A 75th anniversary arrived this fall for a treasured Missouri tradition — hunting white-tailed deer. The herbivores are a keystone species that help shape the state's natural areas. But it took conservation awareness and support by Missourians to restore a creature and its supporting habitats from pioneer-era excesses.
Deer populations had dwindled to small herds in the Ozarks until the voter-approved and newly-formed Missouri Conservation Commission closed deer hunting in 1937. The policy-setting commission gave the Missouri Department of Conservation (MDC) the job of restoring deer in the state with science-based research and management. Today, almost a half-million deer hunters go afield in various hunting seasons and pump a billion dollars through the state's economy. They harvest almost 300,000 deer annually.
Deer hunters also help the MDC maintain an ecological balance for a wildlife species highly valued by Missourians, said Joe DeBold, MDC urban wildlife biologist. Deer can over-browse food sources and face heightened disease threats if they over populate a local area.
"Deer hunting plays a vital role of managing the state's deer herd population," DeBold said. "That also helps protect native habitat on the landscape."
But it took citizen support for conservation to restore an ancient hunting tradition to modern times.
In places such as western Missouri, the mixture of forests, open woodlands, prairies and river corridors provided ideal white-tail deer habitat. Native Americans considered venison a staple providing meat, leather and tools. Members of the Lewis and Clark Expedition noted numerous deer and shot them for food as they paddled and pulled a keelboat and pirogues up the Missouri River through what is now urban Kansas City.
Habitat loss and over hunting had decimated the state's deer herd by the 1930s. Many Missourians had never seen a deer, let alone hunted one. But MDC's conservation efforts in a partnership with landowners and hunters brought the nimble whitetails back. In 1944, the first modern deer season was held. Amid the uncertainty and food rationing of World War II, 7,757 hunters harvested 519 bucks during a two-day, bucks-only season in 20 counties.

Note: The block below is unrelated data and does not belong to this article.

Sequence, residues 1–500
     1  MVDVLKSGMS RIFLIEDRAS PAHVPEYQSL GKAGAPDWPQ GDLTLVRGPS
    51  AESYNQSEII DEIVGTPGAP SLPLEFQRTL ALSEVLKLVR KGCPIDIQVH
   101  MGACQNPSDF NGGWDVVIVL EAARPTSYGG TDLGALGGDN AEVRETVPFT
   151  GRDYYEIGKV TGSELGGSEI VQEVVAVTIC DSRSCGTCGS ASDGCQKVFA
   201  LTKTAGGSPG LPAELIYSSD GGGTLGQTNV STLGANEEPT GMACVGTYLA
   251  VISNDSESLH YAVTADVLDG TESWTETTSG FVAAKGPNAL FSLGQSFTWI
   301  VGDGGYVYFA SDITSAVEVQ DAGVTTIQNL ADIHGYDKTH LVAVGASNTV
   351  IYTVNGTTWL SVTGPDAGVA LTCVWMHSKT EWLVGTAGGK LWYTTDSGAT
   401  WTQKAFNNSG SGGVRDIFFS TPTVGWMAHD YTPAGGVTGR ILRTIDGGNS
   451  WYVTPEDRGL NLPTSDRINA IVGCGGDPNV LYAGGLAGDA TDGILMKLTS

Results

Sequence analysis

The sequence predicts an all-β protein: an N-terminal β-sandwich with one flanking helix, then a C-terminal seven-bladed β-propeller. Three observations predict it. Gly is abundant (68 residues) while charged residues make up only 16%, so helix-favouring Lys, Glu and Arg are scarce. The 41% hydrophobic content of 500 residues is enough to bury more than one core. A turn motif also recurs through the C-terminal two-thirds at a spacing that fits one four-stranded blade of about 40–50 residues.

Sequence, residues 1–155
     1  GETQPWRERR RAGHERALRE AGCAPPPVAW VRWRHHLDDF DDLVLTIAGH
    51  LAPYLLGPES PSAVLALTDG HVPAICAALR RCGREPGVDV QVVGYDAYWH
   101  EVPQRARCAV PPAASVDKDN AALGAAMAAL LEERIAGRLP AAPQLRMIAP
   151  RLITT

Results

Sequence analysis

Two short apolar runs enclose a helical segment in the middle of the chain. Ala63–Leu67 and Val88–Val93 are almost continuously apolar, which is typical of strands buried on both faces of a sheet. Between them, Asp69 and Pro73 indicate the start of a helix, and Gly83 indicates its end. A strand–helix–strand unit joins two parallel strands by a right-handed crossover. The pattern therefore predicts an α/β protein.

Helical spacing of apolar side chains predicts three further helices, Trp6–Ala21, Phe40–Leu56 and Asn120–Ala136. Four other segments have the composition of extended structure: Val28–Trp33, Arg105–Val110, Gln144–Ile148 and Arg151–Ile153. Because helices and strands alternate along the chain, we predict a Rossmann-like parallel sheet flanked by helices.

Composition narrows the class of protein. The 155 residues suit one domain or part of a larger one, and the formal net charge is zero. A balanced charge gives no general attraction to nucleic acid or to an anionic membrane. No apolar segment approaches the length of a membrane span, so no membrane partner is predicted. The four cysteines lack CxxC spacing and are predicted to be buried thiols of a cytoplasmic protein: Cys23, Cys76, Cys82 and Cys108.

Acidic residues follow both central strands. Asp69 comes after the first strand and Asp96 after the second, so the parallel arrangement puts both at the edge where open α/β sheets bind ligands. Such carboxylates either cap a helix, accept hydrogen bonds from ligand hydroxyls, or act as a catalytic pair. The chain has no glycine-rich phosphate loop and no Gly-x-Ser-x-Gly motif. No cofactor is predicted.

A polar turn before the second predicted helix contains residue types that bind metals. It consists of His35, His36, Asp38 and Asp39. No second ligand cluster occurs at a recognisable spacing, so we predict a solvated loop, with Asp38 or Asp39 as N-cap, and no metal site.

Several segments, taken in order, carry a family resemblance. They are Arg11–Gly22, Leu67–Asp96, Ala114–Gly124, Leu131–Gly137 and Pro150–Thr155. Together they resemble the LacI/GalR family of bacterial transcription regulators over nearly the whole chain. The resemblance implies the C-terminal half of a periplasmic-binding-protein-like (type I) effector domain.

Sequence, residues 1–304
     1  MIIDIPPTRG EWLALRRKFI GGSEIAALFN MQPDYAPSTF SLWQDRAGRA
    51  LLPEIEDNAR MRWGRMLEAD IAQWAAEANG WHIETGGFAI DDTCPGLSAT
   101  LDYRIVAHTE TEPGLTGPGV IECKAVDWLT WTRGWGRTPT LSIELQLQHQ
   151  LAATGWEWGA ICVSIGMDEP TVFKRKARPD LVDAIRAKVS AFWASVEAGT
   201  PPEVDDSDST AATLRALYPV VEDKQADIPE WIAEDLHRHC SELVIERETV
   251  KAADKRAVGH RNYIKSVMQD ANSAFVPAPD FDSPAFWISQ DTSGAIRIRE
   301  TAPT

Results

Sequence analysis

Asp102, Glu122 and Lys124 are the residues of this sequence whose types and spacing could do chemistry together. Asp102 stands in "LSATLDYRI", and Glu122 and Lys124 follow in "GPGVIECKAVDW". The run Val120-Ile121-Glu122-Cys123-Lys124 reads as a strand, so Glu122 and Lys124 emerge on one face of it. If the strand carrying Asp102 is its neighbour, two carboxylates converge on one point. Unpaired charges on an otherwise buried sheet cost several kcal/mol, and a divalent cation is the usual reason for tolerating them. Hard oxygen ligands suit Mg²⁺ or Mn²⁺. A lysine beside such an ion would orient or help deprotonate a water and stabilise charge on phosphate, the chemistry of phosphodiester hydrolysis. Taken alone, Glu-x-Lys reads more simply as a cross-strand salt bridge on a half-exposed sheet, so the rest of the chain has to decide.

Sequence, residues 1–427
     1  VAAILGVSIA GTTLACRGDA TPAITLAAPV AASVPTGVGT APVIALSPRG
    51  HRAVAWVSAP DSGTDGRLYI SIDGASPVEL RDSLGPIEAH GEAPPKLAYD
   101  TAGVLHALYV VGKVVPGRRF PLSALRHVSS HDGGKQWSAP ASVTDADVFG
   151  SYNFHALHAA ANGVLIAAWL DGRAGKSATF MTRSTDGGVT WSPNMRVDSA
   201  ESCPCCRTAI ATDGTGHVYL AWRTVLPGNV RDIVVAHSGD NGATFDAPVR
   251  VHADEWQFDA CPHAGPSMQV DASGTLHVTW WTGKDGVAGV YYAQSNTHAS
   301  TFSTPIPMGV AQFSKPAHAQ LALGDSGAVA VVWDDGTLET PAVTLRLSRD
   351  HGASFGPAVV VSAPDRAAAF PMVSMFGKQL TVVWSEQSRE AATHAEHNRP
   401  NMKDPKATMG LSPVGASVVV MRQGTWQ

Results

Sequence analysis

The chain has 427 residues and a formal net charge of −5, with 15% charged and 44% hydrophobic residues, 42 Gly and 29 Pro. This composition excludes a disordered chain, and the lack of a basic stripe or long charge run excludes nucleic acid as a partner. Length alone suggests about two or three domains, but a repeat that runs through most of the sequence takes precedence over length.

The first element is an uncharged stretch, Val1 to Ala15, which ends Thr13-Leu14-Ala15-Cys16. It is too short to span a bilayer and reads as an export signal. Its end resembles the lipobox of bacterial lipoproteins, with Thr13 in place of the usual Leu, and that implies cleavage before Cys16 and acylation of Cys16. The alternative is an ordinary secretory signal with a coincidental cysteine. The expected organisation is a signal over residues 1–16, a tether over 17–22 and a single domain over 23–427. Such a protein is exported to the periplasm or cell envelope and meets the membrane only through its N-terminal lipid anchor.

Today, rare is the Missourian who has not seen a deer. They frequent forests, farms and the natural areas within the boundaries of cities. Venison is served on many household tables.
A common question posed to MDC staff is: "When is the deer season?" What the questioners are often referencing is the November firearms deer season, which this fall is open Nov. 16-26. That's the most popular deer season. Hunters harvested more than 200,000 deer during last November's firearms season.
But deer hunting has also expanded in methods and opportunities during the past 75 years.
Today, Missouri offers a lengthy archery deer season throughout the state. Early and late youth-only firearms deer seasons introduce youngsters to the sport and the outdoors. A three-day antlerless season in December allows harvest in some counties with healthy deer populations. A 10-day season is allowed in late December and early January for alternative methods that includes muzzle-loading rifles, archery, pistols and throwing the atlatl dart. Some cities allow special archery hunts in parks or large acreages to control deer populations in urban settings. MDC conducts classes, clinics, and special hunts to help newcomers enter the outdoor sport.